What’s in a name? That which we call a company, by any other name – is not the same. Whether a company is defined as public or private is critical to determine the manner in which it operates, trades and complies with corporate regulations; so what are the differences? This article sets out five key features that distinguish a public company from a private company.
A private company, also known as a proprietary company, is limited in size by its constitution. It must have at least shareholder and up to a maximum of 50 non-employee shareholders. Conversely, a public company must have a minimum of one shareholder, typically more than 50 non-employee shareholders and has no maximum limit.
The type of company will also determine the makeup of its executive level. A private entity must have at least one director and is not required to have a company secretary. In contrast, public companies must have at least three directors, two of whom ordinarily reside in Australia, and at least one company secretary.
2. Raising Revenue
Proprietary companies by definition are unlisted, restricted from raising capital by selling shares to the public. Funding for these enterprises typically originates outside public markets, usually from their directors or by accessing commercial lines of credit. Revenue is also raised by offering shares to existing shareholders or employees.
On the other hand, public companies can be listed or unlisted, and are entitled to collect funds by providing securities in itself to the public, allowing the entity to raise large amounts of capital quickly. These shares are listed on the Australian Stock Exchange (ASX), excluding unlisted public companies. Due to the nature of their revenue raising capacity, public entities are also obliged to disclose corporate financial information and must abide by stringent compliance rules, further distinguishing them from private counterparts.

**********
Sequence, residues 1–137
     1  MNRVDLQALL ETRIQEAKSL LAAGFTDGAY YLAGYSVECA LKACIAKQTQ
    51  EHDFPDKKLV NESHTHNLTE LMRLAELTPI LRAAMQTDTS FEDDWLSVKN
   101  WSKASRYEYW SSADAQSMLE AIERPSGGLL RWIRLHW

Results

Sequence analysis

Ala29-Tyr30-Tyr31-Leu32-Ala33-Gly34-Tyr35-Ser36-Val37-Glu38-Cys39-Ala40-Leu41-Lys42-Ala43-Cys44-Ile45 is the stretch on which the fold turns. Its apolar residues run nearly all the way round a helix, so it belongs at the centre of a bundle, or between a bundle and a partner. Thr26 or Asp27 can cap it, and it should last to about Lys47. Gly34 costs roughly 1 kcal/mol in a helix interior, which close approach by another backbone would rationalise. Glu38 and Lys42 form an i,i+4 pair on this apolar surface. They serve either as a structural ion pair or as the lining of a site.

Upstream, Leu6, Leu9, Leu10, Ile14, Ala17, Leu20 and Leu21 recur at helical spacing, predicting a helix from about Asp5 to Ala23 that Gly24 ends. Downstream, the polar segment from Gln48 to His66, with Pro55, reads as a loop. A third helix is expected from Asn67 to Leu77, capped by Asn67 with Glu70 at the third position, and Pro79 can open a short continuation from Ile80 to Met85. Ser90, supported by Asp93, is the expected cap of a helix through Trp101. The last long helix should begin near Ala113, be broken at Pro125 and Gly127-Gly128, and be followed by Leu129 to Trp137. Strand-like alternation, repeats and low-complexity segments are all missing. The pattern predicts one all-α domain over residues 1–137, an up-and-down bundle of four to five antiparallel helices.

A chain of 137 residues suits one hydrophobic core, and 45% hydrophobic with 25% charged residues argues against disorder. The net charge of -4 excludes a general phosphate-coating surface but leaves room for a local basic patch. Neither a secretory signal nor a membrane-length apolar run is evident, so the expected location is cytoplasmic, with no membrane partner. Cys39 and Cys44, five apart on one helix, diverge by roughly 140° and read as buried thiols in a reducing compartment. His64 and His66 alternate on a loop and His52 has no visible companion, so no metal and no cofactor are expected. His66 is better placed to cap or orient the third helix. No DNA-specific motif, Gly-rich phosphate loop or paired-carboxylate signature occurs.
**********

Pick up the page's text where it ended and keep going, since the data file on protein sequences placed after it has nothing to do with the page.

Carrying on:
3. Shareholder Liability
There are two liability sub-categories of private companies: limited by shares or unlimited share capital. Companies limited by shares restricts the creditor liability of its shareholders to the nominal value of their shares. As the name suggests, shareholders of unlimited companies have no limit placed on their liability.
Public corporations fall into four liability sub-categories: limited by shares and unlimited share capital, like private companies, or limited by guarantee and no liability. Companies limited by guarantee restrict the liability of shareholders to the respective amounts they undertake to contribute in the event of it is wound up, as set out in its constitution. No liability companies are restricted to companies whose constitution defines its sole objects are mining purposes and must forego any rights to recover monies from a shareholder who fails to pay them.
The regulatory bodies for companies also differ depending on their type, and whether they are listed or unlisted. Proprietary companies are unlisted and are regulated by ASIC. Conversely, public companies can be listed or unlisted. Depending on the activities they are engaged in unlisted public companies are regulated by ASIC or APRA, while ASIC, ASIX and APRA regulate listed public companies.
Generally speaking, disclosure requirements for private companies are not as stringent as those for public companies. They are impacted by its sub-classification though, determined according to its gross operating revenue and gross asset value. A company is classified as small when it is valued at less than $25 million and $12.5 million respectively, while a large company is defined as having revenue and assets greater than a small company. Unlike large companies, small private companies do not require an audit, or to file financial statements or a directors’ report.
Public companies share similar disclosure requirements to large private companies, but must also provide those reports to their shareholders, have requirements around Annual General Meetings (AGM) and must disclose their constitution to shareholders. Listed public companies share the same obligations, and must also disclose their remuneration report and have must provide notice to shareholders within 28 days of the AGM.
If you are setting up a company, or looking to expand your business, it is important to understand the differences between a public and a private company. If you have any questions, get in touch with our business lawyers.